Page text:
Richard Saitz, MD, MPH

Saidz_Richard-001-2-5x3-5CARE Unit Faculty

Professor of Medicine and Epidemiology, Boston University Schools of Medicine and Public Health

Chair, Department of Community Health Sciences, Boston University School of Public Health

Director, Division of Clinical Research Resources, Clinical Translational Science Institute

Associate Director, Office of Clinical Research, Boston University Medical Center

Co Editor in Chief, Addiction Science & Clinical Practice

Editor, Evidence-based Medicine

Contact

rsaitz@bu.edu
617-414-7744
Crosstown Center, 801 Massachusetts Ave., 2nd Floor, Boston, MA 02118

Biography

Dr. Saitz is a primary care internist, certified by the American Boards of Internal Medicine, and Addiction Medicine, and a health services researcher. He directs the Division of Clinical Research Resources for the BUMC Clinical Translational Sciences Institute. Dr. Saitz is additionally the recently appointed Chair of Community Health Sciences at Boston University School of Public Health.

His primary areas of expertise and research are screening and brief intervention for unhealthy alcohol and drug use, integrating substance-related and general health care (e.g., chronic disease/care management), and improving the quality of care for people with addictions across the spectrum of use particularly in general medical care settings.

He is the author of over 130 peer-reviewed publications, past President of the Association for Medical Education and Research in Substance Abuse and former Chairman of the BUMC Institutional Review Board.  He is a current member of the international Motivational Interviewing Network of Trainers.  His research has been supported by NIH, the Robert Wood Johnson Foundation and the SAMHSA CSAP and CSAT.

Boston University faculty appointment: 1993

Areas of Specialization

  • Alcohol and drug screening and brief intervention education and research
  • Alcohol and drug health services research
  • Chronic care management and integrated care for unhealthy substance use, medical and other mental health conditions
  • Alcohol withdrawal
  • Online interventions
  • Management of unhealthy substance use in general health settings

Education and Training

Fellowship
Henry J Kaiser Faculty Development Fellowship Program (General Medicine), Harvard University, Boston, MA 1991-1993

Residency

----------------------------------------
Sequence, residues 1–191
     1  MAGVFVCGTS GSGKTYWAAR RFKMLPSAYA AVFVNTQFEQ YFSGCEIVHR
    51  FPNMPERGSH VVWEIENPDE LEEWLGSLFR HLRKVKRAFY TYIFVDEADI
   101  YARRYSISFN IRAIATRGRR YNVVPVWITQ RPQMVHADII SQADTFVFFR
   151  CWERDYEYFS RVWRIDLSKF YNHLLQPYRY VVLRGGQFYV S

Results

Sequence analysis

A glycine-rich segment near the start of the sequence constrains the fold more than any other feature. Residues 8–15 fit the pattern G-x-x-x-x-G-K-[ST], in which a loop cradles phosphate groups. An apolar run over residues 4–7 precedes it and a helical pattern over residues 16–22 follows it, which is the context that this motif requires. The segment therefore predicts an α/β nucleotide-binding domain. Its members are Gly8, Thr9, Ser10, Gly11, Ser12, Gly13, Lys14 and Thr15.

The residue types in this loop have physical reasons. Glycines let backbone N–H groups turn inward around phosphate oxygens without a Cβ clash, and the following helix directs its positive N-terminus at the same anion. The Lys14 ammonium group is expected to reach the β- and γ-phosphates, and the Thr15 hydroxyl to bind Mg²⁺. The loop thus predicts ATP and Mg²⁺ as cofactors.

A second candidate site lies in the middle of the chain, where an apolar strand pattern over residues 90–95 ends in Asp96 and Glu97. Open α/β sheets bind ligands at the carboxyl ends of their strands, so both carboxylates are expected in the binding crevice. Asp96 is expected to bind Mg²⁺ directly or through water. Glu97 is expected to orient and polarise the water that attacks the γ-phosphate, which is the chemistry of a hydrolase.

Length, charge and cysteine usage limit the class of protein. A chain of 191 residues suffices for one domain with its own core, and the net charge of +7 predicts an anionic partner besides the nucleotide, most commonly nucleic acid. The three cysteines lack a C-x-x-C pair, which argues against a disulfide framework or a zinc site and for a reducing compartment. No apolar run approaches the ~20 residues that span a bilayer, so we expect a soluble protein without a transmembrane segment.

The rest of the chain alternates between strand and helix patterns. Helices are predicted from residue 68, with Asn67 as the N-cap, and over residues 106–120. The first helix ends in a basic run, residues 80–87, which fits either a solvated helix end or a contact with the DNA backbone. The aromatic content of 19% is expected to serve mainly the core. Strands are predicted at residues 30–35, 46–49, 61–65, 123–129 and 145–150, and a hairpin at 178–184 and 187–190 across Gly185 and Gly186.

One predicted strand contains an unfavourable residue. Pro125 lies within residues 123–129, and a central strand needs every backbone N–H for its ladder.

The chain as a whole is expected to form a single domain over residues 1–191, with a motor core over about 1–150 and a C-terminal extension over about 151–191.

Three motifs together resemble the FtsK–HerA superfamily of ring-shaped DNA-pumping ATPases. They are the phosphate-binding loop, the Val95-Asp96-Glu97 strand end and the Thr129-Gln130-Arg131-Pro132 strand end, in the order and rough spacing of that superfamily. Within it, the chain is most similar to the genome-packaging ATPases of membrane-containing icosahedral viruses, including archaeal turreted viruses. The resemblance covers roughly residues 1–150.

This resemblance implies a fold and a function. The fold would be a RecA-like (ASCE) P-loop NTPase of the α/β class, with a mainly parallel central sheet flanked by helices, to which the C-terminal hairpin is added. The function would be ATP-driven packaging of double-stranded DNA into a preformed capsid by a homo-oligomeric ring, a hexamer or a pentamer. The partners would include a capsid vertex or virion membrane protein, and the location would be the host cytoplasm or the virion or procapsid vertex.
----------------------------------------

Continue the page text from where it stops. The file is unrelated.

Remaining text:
Chief resident (Internal Medicine), Boston City Hospital, Boston, MA, 1990-1991
Resident (Primary Care/Internal Medicine), Boston City Hospital, Boston, MA, 1987-1990

Education
MD, Boston University, Boston, MA
MPH (Quantitative Methods), Harvard University, Boston, MA
BA (Medical Sciences), Boston University, Boston, MA

Honors and Awards

  • Alpha Omega Alpha Honor Society
  • Ten Outstanding Young Leaders Award, Boston Jaycees, 2003
  • Elected by his peers for inclusion in Best Doctors in America®, Boston Magazine,  2003 to 2012
  • The W. Anderson Spickard, Jr. Excellence in Mentorship Award, Association for Medical Education and Research in Substance Abuse (AMERSA), 2011
  • R. Brinkley Smithers Distinguished Scientist Award, American Society of Addiction Medicine (ASAM), 2012

Key Publications

Saitz R. Alcohol screening and brief intervention in primary care:  Absence of evidence for efficacy in people with dependence or very heavy drinking.  Drug Alcohol Rev 2010; 29:631-640.  PMCID: PMC2966031

Saitz R, Palfai TP, Cheng DM, Horton NJ, Freedner N, Dukes K, Kraemer KL, Roberts MS, Guerriero RT, Samet JH.  Brief intervention for medical inpatients with unhealthy alcohol use: A randomized controlled trial.  Ann Intern Med 2007; 146:167-176.

Saitz R, Horton NJ, Larson MJ, Winter M, Samet JH.  Primary medical care and reductions in addiction severity: a prospective cohort study. Addiction 2005; 100:70-8.

Saitz R, Horton NJ, Sullivan LM et al.  Addressing alcohol problems in primary care: a cluster randomized, controlled trial of a systems intervention.  Ann Intern Med 2003; 138(5):372-82.

Saitz R, Mayo-Smith MF, Roberts MS, Redmond HA, Bernard DR, Calkins DR.  Individualized treatment for alcohol withdrawal: a randomized double-blind controlled trial. JAMA 1994; 272:519-523.

Publications and NIH Grant Support